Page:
The District of Columbia probably will simply redeck the crumbling Whitehurst Freeway rather than tear it down and replace it with a lower highway, Mayor Marion Barry said yesterday.

Prelimary studies show that repaving the road and reconfiguring its exits would be the most cost-effective approach for dealing with the 33-year-old elevated freeway, the mayor said at a budget hearing of the Senate Appropriations subcommittee on the District.

The freeway runs between the Potomac and Georgetown from Rock Creek Parkway to Key Bridge.

Other options that the city has studied include tearing the freeway down and building either a lower elevated highway or a ground-level road that would run along K Street NW and connect to Key Bridge. City officials had not indicated previously which option they preferred.

Repaving would cost about $70 million, while the other options could cost between $90 million and $95 million, Barry said. A final decision will be made in the fall, he added.

In another development at yesterday's hearing, the mayor for the first time acknowledged that the city's controversial effort to transfer the $12 million cost of street lighting and traffic signals to District ratepayers will be in litigation for some time, regardless of what decision the Public Service Commission makes on the proposal.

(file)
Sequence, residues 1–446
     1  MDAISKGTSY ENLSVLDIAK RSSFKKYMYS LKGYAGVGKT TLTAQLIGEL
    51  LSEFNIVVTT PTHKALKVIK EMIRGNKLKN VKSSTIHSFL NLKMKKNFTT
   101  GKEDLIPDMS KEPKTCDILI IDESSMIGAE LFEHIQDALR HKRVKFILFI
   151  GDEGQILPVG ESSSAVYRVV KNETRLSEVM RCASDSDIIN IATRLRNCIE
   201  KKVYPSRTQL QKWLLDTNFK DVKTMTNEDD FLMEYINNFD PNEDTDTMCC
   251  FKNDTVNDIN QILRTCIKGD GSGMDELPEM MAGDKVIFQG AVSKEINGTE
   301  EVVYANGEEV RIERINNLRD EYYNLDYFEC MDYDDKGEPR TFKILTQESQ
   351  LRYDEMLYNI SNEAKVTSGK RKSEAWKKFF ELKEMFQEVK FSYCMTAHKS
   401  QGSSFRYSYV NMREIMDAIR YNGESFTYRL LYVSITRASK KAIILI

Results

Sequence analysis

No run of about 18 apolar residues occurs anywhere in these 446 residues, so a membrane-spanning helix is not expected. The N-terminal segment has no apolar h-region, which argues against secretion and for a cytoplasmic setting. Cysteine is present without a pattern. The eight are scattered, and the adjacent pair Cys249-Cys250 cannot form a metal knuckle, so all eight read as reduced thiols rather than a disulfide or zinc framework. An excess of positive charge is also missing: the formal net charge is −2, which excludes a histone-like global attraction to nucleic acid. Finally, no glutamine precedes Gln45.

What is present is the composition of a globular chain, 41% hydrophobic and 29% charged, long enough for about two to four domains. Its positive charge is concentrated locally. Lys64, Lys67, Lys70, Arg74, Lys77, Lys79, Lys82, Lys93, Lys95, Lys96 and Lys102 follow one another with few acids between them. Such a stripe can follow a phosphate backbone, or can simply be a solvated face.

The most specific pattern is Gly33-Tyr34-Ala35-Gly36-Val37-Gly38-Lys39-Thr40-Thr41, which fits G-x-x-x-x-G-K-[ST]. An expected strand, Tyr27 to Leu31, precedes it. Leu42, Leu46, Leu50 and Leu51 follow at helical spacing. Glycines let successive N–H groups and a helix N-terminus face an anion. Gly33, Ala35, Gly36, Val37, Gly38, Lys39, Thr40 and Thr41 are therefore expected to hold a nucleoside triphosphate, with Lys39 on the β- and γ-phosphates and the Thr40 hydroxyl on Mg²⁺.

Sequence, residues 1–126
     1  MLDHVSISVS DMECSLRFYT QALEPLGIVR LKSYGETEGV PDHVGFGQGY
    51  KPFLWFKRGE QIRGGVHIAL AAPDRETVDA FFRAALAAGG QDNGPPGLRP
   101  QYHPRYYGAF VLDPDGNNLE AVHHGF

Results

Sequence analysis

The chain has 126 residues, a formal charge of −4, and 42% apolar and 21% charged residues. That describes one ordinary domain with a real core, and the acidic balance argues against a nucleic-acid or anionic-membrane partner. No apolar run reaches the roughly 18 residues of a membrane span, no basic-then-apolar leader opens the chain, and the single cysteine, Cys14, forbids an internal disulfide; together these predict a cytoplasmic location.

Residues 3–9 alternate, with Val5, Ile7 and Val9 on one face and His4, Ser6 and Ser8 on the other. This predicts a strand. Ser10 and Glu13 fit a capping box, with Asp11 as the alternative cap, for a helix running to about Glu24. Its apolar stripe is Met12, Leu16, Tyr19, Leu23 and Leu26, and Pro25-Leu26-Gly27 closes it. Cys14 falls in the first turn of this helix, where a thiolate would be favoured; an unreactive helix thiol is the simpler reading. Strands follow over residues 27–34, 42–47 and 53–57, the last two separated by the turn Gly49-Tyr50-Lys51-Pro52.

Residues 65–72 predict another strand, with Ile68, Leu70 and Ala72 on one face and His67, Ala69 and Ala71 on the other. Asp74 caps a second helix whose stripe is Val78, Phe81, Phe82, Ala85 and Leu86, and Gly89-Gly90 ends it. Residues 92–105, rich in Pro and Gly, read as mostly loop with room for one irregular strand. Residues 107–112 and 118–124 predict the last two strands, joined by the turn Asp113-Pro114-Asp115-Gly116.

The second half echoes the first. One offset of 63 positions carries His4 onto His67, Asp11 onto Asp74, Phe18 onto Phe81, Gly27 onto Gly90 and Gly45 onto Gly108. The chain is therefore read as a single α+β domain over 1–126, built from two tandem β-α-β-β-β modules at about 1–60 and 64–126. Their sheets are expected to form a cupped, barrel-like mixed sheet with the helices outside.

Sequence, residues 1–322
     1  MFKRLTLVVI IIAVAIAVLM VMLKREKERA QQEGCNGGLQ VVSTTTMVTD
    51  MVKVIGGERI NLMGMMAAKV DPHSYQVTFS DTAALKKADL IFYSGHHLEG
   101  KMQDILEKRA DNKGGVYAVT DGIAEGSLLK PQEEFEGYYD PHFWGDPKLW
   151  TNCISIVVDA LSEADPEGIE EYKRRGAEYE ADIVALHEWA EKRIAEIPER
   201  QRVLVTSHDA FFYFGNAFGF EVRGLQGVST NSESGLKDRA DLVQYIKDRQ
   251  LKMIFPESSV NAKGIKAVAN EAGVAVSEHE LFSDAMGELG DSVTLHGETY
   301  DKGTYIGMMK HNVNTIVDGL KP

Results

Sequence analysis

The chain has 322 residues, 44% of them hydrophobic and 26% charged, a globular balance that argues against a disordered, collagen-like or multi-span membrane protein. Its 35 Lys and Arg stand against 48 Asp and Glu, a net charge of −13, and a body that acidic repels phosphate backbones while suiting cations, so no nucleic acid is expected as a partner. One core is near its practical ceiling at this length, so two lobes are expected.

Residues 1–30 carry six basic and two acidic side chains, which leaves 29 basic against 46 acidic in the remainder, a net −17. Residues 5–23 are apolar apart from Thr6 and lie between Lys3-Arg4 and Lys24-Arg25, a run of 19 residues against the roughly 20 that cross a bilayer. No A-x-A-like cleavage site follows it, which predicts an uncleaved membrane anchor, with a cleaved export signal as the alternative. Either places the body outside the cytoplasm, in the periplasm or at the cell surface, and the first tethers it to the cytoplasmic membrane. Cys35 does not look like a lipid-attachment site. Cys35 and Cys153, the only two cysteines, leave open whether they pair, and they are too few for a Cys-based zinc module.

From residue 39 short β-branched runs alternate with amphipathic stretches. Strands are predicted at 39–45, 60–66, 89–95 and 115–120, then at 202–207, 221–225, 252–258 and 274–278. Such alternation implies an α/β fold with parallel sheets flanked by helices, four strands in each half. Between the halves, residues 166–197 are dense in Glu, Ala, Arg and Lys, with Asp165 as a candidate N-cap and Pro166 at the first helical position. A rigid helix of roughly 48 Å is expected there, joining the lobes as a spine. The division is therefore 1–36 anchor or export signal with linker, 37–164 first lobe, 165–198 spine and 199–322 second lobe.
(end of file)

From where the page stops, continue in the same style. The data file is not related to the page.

If the PSC approves the city's plan, Pepco plans to take the matter to court, Barry said, and if the PSC rejects the plan, the city will litigate.

The city's original fiscal 1984 budget had assumed D.C. would save that $12 million in street-lighting costs, but the District appropriations subcommittees in both the House and Senate have been skeptical that the transfer could be accomplished by Oct. 1 when the fiscal year begins, if at all. The city submitted its proposal to the PSC last Thursday.

The House appropriations subcommittee last week added language to the District's budget requiring the city to pay its electric bill until the issue is resolved.

Yesterday Barry said he is committed to paying the bill and asked Senate Subcommittee Chairman Arlen Specter (R-Pa.) to endorse the House language.

"That would take care of Pepco's concerns of being paid," Specter replied. "And if you can win your case in court, more power to you--no pun intended."

At the broad-ranging hearing, the mayor also made these points:

* He supports efforts by Specter to require education and training for prisoners at Lorton Reformatory and to add federal funding to the D.C. budget for such a plan, intended to be a national model.

* The city is putting together a profile of prisoners at the overcrowded D.C. jail to see which ones might be candidates for diversion to alternative forms of sentencing, such as community service.

* He would like to move toward a system of requiring that court cases be brought to trial within a certain time after a person's arrest, but he is not sure what time limit would be appropriate for the District.

Specter said he would like to find supplemental federal funds to the D.C. budget for required training and education programs at Lorton. "It is long past due to make a national effort so people won't be released as functional illiterates with no training or skills," he said.